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The purpose of this study was to compare the clinical outcome of arthroscopic rotator cuff repair with metal and biodegradable suture anchors.
Arthroscopic rotator cuff repair was performed in 110 patients with a full-thickness rotator cuff tear. They were divided into 2 groups of 55 patients each, according to suture anchors used: metal anchors in group 1 and biodegradable anchors in group 2. Results were evaluated by use of the Disabilities of the Arm, Shoulder and Hand (DASH) and Work-DASH self-administered questionnaires, as well as the Constant score normalized for age and sex. On analyzing the results at 2 years' follow-up, we considered the following independent variables: baseline scores; age; sex; arm dominance; location, shape, and retraction of cuff tear; fatty degeneration; treatment of biceps tendon; rotator cuff repair technique (anchors or anchors and side to side); and number of anchors. Univariate and multivariate statistical analyses were performed to determine which variables were independently associated with the outcome. Significance was set at P < .05.
Of the patients, 9 (8.2%) were lost to follow-up. Comparison between groups did not show significant differences for each variable considered. Overall, according to the results, the mean DASH scores were 17.6 +/- 17.2 points in group 1 and 22.8 +/- 19.9 points in group 2; the mean Work-DASH scores were 24.9 +/- 28.1 points and 22.5 +/- 24.1 points, respectively; and the mean Constant scores were 104 +/- 20.5 points and 98.6 +/- 14.3 points, respectively. Differences between groups 1 and 2 were not significant. Univariate and multivariate analysis showed that only baseline score, age, tear location, and fatty degeneration significantly and independently influenced the outcome.
At a short-term follow-up, differences between arthroscopic repair of full-thickness rotator cuff tears with metal and biodegradable suture anchors were not significant. LEVEL OF
Level I, high-quality randomized controlled trial with no statistically significant differences but narrow confidence intervals.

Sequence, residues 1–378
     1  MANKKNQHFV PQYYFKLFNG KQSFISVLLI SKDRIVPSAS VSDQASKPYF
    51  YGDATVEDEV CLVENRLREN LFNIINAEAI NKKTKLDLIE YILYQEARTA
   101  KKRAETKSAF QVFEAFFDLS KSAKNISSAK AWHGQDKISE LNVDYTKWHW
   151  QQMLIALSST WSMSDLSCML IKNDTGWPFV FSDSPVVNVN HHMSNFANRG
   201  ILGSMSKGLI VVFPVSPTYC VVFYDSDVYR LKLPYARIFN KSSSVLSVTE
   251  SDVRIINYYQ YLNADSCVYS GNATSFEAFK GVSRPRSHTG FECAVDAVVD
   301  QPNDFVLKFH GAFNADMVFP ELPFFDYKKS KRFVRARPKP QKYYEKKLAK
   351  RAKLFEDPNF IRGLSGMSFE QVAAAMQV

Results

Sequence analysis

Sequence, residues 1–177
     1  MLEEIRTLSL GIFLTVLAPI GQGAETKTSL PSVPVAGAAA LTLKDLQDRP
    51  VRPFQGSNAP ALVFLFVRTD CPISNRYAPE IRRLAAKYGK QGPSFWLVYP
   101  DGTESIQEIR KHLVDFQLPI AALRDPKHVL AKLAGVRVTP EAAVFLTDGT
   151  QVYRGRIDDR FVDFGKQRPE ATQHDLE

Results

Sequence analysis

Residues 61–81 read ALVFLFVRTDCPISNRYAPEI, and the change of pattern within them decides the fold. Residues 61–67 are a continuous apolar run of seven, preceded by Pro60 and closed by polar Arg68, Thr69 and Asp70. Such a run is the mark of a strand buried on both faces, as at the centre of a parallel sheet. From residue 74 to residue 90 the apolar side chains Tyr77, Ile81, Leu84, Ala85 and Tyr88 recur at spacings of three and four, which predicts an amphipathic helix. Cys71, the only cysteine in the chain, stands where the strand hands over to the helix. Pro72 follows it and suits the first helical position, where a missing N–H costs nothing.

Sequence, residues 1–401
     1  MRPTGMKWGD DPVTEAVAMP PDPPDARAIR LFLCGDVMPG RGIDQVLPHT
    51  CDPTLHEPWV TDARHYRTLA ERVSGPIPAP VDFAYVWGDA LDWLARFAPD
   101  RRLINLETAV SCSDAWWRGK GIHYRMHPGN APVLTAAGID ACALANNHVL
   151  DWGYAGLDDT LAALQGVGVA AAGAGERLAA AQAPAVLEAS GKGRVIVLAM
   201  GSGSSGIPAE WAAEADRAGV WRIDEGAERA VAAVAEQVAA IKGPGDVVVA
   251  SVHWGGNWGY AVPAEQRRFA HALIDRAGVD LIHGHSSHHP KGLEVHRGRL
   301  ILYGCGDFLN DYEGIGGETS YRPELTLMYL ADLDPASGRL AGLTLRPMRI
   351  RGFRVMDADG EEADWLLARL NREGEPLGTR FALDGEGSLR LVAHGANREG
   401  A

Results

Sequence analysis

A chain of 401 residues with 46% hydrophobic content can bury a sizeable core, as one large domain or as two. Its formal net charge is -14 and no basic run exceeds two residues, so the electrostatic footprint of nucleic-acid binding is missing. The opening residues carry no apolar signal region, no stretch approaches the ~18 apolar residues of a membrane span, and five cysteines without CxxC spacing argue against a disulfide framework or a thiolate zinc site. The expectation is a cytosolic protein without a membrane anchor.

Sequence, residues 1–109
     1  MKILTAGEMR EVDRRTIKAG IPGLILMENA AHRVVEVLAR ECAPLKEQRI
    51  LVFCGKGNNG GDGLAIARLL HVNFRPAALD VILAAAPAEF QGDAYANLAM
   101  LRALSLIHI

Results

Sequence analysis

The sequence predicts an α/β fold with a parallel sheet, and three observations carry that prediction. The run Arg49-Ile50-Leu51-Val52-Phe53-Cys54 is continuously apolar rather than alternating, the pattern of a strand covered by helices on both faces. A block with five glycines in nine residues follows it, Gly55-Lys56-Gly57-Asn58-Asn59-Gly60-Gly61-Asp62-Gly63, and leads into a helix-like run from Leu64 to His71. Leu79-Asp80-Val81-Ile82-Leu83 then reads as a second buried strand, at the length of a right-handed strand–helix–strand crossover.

Department of Orthopaedics and Traumatology, Catholic University, Rome, Italy.
This article was published in the following journal.
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Compression of the rotator cuff tendons and subacromial bursa between the humeral head and structures that make up the coracoacromial arch and the humeral tuberosities. This condition is associated with subacromial bursitis and rotator cuff (largely supraspinatus) and bicipital tendon inflammation, with or without degenerative changes in the tendon. Pain that is most severe when the arm is abducted in an arc between 40 and 120 degrees, sometimes associated with tears in the rotator cuff, is the chief symptom. (From Jablonski's Dictionary of Syndromes and Eponymic Diseases, 2d ed)
Implants used in arthroscopic surgery and other orthopedic procedures to attach soft tissue to bone. One end of a suture is tied to soft tissue and the other end to the implant. The anchors are made of a variety of materials including titanium, stainless steel, or absorbable polymers.
The musculotendinous sheath formed by the supraspinatus, infraspinatus, subscapularis, and teres minor muscles. These help stabilize the head of the HUMERUS in the glenoid fossa and allow for rotation of the SHOULDER JOINT about its longitudinal axis.
The reconstruction of a continuous two-stranded DNA molecule without mismatch from a molecule which contained damaged regions. The major repair mechanisms are excision repair, in which defective regions in one strand are excised and resynthesized using the complementary base pairing information in the intact strand; photoreactivation repair, in which the lethal and mutagenic effects of ultraviolet light are eliminated; and post-replication repair, in which the primary lesions are not repaired, but the gaps in one daughter duplex are filled in by incorporation of portions of the other (undamaged) daughter duplex. Excision repair and post-replication repair are sometimes referred to as "dark repair" because they do not require light.
Any woven or knit material of open texture used in surgery for the repair, reconstruction, or substitution of tissue. The mesh is usually a synthetic fabric made of various polymers. It is occasionally made of metal.
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